Right-wingers who wrap themselves in Christianity and patriotism are on display in full bloom again.
Tea Party leaders are as accurate as usual when they warped what the NAACP said about the group and brutalized quotations by Dr. Martin Luther King Jr. in what they surely thought was a clever ruse to keep from saying it deplores racism. Then again, its guru Mark Williams wrote on his blog (before he took it down): “to the trash heap of history, where they belong with all the other vile racist groups that emerged in our history,” and local leaders offered up intemperate comments before finding their balance.
Meanwhile, we can always count on Bellevue Baptist Church to defend discrimination by the spurious argument that they are fighting for “Christianity,” as if all Christians actually share their fundamentalism and the anti-intellectualism so prevalent in American life. After all, we bet most of its members believe that the earth is 4,000 years old. Steve Gaines, pastor of Bellevue Baptist Church, believes the City Council member Janis Fullilove’s wise ordinance against discrimination “discriminates against people of faith.”
The most amusing aspect of these pronouncements, if there is one, is when these arch-conservatives work so hard to act the victims. In our book, anyone who would suggest that the NAACP has been a vehicle of racism is historically challenged. Perhaps, they would prefer if its leaders had stayed in their place, so we could return to the traditional days of the Cleaver family when Jim Crow laws and literacy tests were dominant in the South. As for Bellevue Baptist Church, the ludicrous assertion that Christians are being discriminated against is a favorite theme devoid of any historical antecedents in this country.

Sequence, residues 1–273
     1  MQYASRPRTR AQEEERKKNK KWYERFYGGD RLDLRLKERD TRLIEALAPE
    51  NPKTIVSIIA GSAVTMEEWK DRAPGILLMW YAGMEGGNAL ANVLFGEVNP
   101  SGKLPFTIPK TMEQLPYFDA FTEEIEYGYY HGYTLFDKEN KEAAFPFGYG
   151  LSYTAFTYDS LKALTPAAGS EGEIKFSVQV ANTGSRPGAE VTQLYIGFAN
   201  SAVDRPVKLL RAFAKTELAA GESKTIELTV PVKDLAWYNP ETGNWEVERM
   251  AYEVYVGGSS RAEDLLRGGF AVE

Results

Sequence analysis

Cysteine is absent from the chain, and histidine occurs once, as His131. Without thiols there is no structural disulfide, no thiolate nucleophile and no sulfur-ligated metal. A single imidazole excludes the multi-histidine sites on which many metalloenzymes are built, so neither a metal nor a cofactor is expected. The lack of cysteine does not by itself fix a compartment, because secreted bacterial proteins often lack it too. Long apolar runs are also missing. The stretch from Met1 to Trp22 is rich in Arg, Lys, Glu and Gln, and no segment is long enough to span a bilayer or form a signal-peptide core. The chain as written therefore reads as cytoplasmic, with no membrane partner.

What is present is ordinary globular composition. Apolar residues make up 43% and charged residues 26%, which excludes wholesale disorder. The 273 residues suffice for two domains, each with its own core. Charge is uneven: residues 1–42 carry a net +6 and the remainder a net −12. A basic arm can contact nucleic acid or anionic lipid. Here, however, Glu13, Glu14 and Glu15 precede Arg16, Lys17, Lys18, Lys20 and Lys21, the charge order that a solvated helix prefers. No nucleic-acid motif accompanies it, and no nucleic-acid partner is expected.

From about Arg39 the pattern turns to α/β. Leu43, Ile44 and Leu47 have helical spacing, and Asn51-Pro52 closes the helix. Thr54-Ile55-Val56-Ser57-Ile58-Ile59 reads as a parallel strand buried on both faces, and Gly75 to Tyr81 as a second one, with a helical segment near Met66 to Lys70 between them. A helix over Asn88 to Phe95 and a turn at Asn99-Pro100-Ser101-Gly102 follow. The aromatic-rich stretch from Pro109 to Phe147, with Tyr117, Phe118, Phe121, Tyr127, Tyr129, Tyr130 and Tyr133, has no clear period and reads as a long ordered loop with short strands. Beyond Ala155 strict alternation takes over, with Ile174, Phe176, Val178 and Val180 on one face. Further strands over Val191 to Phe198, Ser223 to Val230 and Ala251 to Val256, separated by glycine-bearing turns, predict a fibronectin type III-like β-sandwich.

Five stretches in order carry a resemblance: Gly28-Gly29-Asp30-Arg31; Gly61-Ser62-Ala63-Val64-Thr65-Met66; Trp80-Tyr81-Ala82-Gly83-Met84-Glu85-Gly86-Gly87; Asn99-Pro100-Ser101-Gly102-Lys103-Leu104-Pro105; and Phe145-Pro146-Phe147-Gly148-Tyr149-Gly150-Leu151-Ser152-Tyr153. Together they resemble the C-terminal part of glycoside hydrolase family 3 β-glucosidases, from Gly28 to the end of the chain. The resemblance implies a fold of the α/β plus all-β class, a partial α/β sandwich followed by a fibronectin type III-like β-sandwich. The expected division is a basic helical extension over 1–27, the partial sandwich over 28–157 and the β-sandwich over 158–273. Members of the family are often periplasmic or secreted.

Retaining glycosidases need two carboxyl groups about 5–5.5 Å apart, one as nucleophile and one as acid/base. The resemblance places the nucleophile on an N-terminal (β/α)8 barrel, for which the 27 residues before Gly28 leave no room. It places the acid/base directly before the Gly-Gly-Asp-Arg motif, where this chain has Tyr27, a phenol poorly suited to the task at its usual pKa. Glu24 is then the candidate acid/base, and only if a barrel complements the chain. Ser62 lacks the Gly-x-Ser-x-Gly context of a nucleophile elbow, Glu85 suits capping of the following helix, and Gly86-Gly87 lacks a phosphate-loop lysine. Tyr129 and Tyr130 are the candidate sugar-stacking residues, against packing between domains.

Being Right, not Far Right
It’s an interesting paradox for so many of these folks. They have no tolerance for tolerance except when it comes to themselves. They have no patience with choices until it comes to theirs. They have no willingness to believe they may be wrong but they want us to accept silently the values alien to most of us that they espouse so loudly. As a Methodist pastor told us once (apologies to my Jewish friends), they judge everyone by the rules of the Old Testament but demand the love of New Testament when it comes to themselves.
Councilwoman Fullilove deserves a lot of credit for being on the right side of Christianity, but more to the point, she deserves credit for being on the right side of American democratic traditions when she suggested that government, in this case, city government, should represent the highest ideals and the best values of its people. Anti-discrimination policies should be superfluous by now, but sadly, as she knows from her past and she knows from listening to others knows about the reality of sexual orientation discrimination in our city – and notably many of our churches.
The Council committee forwarded the resolution to the full Council while awaiting Memphis Mayor A C Wharton’s recommendation. There’s little question that he’ll be on the side of fairness as well, because he said as much to the New York Times in an interview a few years ago.
Values for Public Funding
The ordinance only has to do with the City of Memphis, and we think it is little to expect of people and agencies supported by public money not to discriminate against anyone. This stops short of the much better ordinance passed in Shelby County Government that was spearheaded by Commissioner Steve Mulroy that extended the policy to companies being paid with county funds. Hopefully, City Council will recognize the dangers of the public sector supporting discrimination in any form with the public’s money, and surely a majority African-American Council recognizes the slippery slope that bigotry creates for all of us even when it’s directed at any minority.
Brother Gaines and others apparently have no problem with selective discrimination – come to think of it, Southern Baptist Churches had no problem justifying discrimination against African-Americans even as the civil rights movement was under way. So, for many of us in our demographic, we find little to commend Rev. Gaines and other megachurch leaders when they profess to act as the moral compass for the rest of us.
At a time when tolerance is a selling point for cities, a vote against the city ordinance would stake out our claim to intolerance and sanctimony. It will chill efforts to recruit young professionals and immigrants to Memphis, and make no mistake about it, the success of cities today are directly related to both.